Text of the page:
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Different Types of Blockchain Consensus Mechanisms

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Blockchain isn’t a new technology. First introduced by Satoshi Nakamoto in Bitcoin, nowadays, this peer-to-peer system became very popular in the world of electronic cash.

There are a lot of different types of blockchains, but they do have some things in common if you’re looking right into their architecture.

Pontem is an Aptos product studio. Therefore, it is important to understand the basics of blockchain technology in order to better understand Aptos and the Pontem project itself!

TL;DR: Consensus mechanisms are the reasons different blockchains work! They are the rules by which blocks are generated in the blockchain. Depending on the algorithm used, some blockchains have a mining mechanism for mining new coins, while others use staking. Some networks work faster, but are subject to centralization, others are slower, but it is difficult for unscrupulous network participants to take control of them. That’s why it is important to learn about different consensus algorithms in order to correctly assess the prospects of the blockchain project.

Consensus mechanism

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Aptos is a layer 1 blockchain. That means that there are a group of nodes that store and share blocks of data, and also are responsible for synchronization and data relevance. These nodes allow creating a distributed network between them.

However, just like in any distributed computing systems, participants of a blockchain need to constantly agree on its current state. That's where consensus mechanisms become handy! They ensure compliance with the rules in the blockchain system. As soon as the participating parties establish the rules for the blockchain, the consensus algorithm will ensure their compliance.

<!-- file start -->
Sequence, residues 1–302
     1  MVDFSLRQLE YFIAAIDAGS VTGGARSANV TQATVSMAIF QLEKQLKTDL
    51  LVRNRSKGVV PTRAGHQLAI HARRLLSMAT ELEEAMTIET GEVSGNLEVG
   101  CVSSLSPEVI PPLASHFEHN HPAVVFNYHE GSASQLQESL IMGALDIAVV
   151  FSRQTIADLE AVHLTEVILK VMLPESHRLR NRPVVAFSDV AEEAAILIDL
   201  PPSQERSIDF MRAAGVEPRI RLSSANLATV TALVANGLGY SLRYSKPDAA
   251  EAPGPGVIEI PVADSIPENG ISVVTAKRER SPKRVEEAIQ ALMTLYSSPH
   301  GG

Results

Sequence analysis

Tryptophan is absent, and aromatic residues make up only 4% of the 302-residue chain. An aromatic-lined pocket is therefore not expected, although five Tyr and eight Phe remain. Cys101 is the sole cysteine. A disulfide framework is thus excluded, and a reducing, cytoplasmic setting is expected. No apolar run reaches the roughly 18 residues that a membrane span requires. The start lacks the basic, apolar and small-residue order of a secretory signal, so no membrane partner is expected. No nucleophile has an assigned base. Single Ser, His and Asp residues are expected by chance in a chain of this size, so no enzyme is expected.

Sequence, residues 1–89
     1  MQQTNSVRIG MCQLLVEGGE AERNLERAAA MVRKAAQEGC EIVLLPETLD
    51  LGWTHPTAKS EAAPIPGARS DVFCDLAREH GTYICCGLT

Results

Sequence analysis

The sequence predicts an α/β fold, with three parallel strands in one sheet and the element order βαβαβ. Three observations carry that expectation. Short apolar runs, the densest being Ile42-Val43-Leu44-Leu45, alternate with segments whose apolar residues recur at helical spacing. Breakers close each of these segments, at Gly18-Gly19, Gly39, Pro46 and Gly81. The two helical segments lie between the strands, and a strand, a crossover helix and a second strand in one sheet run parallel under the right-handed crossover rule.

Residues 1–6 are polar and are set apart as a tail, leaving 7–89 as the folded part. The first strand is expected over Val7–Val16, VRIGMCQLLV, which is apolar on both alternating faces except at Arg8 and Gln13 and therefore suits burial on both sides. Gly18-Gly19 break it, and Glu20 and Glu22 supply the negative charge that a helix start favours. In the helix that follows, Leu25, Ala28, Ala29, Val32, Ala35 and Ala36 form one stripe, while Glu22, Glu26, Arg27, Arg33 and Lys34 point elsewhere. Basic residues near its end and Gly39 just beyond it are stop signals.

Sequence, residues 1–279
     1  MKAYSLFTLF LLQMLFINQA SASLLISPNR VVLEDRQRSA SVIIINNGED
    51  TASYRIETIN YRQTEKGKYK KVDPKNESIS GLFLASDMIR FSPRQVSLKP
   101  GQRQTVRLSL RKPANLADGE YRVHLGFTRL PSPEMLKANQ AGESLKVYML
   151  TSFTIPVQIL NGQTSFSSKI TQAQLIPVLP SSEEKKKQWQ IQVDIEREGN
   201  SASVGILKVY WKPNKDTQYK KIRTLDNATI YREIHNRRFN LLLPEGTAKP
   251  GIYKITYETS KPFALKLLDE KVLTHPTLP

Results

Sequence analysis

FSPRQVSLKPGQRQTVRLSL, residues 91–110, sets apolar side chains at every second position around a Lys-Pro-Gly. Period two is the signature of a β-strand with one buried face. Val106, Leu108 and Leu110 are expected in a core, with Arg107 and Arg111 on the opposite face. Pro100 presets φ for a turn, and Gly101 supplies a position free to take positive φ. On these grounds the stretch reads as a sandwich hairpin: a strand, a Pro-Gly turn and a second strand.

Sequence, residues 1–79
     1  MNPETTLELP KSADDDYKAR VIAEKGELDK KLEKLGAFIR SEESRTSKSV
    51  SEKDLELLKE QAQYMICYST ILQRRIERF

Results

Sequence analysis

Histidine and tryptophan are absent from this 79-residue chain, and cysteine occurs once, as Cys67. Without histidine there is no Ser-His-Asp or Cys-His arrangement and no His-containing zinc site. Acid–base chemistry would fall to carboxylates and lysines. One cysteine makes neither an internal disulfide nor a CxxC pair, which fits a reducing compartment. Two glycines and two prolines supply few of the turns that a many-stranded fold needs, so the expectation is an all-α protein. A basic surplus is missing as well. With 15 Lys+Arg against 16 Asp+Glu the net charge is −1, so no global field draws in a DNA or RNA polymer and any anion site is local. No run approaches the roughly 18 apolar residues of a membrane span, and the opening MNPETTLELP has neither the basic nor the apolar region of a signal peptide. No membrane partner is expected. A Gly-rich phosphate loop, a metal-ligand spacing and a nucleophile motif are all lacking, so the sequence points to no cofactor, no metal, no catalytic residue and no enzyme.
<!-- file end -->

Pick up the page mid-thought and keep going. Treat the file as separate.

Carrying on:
There are quite a few types of these mechanisms. Let’s dig into the most popular ones and the one that is used by Aptos.

Proof-of-Work (PoW)

Proof-of-Work is a consensus mechanism that ensures that the distributed system will be secure and will not be affected by any abuse. In its core, there are two main ideas:

  1. Each miner has to respond to quite hard challenges in order to prove that they are being honest.

These PoW challenges represent arbitrary mathematical puzzles. You can think of them as the lottery. Miners have to generate millions of hashes per second in order to find the winning hash. Of course, this process cannot be done by hand, so these puzzles require high computing power. That’s why the process of mining is extremely energy consuming!

  1. The result of each computation might be checked quick and easily. This verification requires much less resources and time.

In Bitcoin, the PoW mechanism is used as a means to achieve consensus on the blockchain state.

To ensure that the difficulty of finding the right block is changed depending on how many miners are competing to discover blocks, the difficulty adjustment happens every 2,016 blocks in BTC. That way, each new block is produced every 10 seconds at any given time.

With that, Proof-of-Work allows nodes to ensure that miners have indeed done their hash computations. This means that nodes have to find the part of the blockchain that has a link to a previous block and the sum of the transactions included in it (block header) and make sure that this sum value matches the current blockchain difficulty level.

In order for the system to recognize a block as valid, it is necessary that its hash value be smaller than the current target. Thus, each block shows that some work has been done to find it.

Each block contains a hash from a previous block. No block can be changed, and it is only possible to find the block at the same height that will contain a previous block’s hash. This process requires finding all previous blocks, and since it is very hard, the blockchain is protected from unauthorized access and double spending! With that, PoW has proven to be one of the most secure and reliable implementations for blockchain networks!